Out Of Office: Setting Expectations for Office 365
For a lot of organizations, moving to Office 365 might be one of the first, or possibly biggest, migrations to a public cloud. There can be a lot of stress and work that goes into the process, with the hope that the organization will reap the benefits. But how can you be sure that you are, in fact, getting the most out of Office 365?
Know Your Problems
We typically don’t carry out IT projects just for the heck of it. Enterprise IT departments almost always have a backlog to deal with, so deploying new technology just for the sake of it isn’t very high on the list. Rather, most priorities are ordered by the problems that they solve or the value that they bring. Moving to Office 365 is no different. If you find yourself looking at making the move, hopefully, you have a list of perceived value it will bring.
Sitting down with business leaders is a great starting point. Ask them what–if any–pain points they have. Maybe it is the lack of availability. Do they always need to be using a corporate-issued laptop to access email or work documents? Would SharePoint online solve that? Another common complaint that I have seen is older software. Sure, 90% of the features from Word 2003 are the same in Word 2016, but that doesn’t mean everyone wants to use 13-year-old technology. In some cases, it can even be for perception. If a salesperson shows up to close a big deal and they are running Office 2003, how would that look? They certainly would not come off as a cutting-edge company. Subscription-based licenses from Office 365 can solve this and ease the burden of managing spreadsheets full of license info for IT departments.
What Challenges do you Foresee?
You’ve decided that the move makes sense. Great! What challenges do you foresee? This step is critical as there is almost always some cost associated with it. It might be soft costs, such as time from your salaried IT department. Or it might be hard costs; maybe you are looking at performing a hybrid installation and you’ll need to increase your bandwidth costs.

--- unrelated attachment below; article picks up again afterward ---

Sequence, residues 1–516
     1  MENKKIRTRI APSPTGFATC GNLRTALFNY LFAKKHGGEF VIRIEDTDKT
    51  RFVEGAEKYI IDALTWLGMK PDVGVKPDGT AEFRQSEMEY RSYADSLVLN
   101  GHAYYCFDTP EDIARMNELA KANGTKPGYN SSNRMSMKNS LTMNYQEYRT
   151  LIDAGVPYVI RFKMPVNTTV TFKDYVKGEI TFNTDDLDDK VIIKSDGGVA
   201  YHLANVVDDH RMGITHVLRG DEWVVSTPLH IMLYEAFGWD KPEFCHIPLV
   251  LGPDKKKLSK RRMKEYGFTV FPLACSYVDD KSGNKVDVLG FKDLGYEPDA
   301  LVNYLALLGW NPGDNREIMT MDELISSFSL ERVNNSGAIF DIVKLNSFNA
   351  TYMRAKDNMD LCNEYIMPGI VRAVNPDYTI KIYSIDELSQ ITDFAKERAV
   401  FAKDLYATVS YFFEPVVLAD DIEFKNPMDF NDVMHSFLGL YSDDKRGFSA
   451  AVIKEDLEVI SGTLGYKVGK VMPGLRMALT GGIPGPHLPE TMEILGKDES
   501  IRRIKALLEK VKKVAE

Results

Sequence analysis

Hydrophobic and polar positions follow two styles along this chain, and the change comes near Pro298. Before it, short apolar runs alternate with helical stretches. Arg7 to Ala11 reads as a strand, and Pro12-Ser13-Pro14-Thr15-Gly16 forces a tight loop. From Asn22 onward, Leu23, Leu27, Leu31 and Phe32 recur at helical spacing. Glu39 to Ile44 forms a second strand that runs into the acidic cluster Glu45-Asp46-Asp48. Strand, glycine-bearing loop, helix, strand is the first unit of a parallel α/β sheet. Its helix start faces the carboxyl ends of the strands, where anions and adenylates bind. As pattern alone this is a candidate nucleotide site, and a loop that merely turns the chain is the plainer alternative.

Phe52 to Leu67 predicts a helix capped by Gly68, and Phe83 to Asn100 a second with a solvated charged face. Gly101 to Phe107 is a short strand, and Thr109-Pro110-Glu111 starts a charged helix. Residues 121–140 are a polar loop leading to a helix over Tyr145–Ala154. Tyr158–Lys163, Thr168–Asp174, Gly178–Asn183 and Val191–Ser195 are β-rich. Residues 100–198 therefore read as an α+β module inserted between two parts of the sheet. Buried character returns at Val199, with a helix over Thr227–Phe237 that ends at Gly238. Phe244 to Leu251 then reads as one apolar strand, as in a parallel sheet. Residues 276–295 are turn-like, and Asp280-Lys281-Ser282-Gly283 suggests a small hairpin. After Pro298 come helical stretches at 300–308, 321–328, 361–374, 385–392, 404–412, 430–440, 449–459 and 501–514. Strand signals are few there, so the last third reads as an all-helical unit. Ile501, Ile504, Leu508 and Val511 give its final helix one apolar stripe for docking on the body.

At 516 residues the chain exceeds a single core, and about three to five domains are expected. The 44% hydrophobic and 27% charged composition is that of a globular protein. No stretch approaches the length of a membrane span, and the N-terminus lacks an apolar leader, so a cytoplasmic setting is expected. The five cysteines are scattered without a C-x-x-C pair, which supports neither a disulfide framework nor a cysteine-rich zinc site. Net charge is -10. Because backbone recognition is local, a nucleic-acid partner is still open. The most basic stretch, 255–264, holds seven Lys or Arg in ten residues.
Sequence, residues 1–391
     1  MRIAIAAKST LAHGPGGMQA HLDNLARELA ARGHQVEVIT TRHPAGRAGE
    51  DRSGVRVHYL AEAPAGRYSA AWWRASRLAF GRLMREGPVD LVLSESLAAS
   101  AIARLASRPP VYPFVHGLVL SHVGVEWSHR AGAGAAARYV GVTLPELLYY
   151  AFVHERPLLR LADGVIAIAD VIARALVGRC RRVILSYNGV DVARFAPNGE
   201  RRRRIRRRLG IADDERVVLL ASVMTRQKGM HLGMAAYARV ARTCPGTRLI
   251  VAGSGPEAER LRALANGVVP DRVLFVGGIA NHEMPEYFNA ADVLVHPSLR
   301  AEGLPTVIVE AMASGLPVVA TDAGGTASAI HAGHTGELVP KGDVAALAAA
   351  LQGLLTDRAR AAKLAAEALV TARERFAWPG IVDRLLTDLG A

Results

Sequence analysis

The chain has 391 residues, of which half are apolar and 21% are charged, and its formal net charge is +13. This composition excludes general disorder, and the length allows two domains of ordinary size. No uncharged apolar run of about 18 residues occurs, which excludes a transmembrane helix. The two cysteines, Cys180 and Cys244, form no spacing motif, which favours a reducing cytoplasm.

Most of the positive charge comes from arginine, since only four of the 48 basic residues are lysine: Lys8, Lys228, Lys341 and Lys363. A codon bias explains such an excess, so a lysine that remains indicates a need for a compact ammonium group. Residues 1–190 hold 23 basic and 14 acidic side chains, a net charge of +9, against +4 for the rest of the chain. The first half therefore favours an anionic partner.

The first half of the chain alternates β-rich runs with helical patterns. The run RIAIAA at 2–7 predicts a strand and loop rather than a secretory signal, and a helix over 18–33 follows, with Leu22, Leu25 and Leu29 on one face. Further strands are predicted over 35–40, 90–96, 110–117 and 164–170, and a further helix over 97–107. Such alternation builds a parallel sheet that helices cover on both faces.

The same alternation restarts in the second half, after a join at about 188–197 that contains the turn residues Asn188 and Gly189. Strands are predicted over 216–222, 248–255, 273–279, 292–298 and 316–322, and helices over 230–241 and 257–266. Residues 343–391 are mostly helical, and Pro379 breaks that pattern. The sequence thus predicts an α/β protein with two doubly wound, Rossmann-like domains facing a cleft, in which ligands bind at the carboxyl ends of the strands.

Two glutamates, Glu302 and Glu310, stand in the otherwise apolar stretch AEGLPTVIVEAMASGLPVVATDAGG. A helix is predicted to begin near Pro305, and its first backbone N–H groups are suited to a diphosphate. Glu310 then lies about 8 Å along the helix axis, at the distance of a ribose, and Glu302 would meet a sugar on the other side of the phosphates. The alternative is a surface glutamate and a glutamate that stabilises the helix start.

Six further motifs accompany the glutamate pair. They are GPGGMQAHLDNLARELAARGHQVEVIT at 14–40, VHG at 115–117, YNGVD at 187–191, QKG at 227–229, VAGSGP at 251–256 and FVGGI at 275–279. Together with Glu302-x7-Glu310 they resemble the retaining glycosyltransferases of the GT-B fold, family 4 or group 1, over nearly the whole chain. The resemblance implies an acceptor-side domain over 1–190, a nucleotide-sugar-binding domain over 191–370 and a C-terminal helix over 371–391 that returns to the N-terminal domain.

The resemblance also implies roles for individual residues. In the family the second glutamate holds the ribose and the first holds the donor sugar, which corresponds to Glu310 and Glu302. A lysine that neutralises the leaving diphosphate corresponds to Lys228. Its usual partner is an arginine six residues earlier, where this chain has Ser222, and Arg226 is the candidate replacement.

How about regulations? Do you need to make sure some data stays on-premises (i.e., financial data) or is it all safe to move to SharePoint? If the former, how do you plan to track and enforce compliance? There are tools built into Office 365 for compliance and security, but will it be a challenge to get IT staff trained on them?
Another common challenge is user training. Lots of options exist for this, ranging from Microsoft-provided materials to possibly doing lunch and learn sessions with groups of employees over time. As most folks who have help desk experience in IT know, sometimes a small number of users can account for the majority of support time.
Now that you know what value you will be gaining, and the potential challenges, you need to do some math. Ideally, you can account for everything (monthly costs, infrastructure upgrades, lost productivity, etc.). Even better if you can assign dollar figures to it. Once you have that, the decision should become easier. Are you saving money? If so, how long will it take to reach your ROI? Are you going to end up spending more on a monthly basis now? Is the value worth it? Maybe your sales staff will be more agile and close more deals, increasing revenue and profit.
This is by no means a comprehensive list for such a big project, but it should be a good starting point.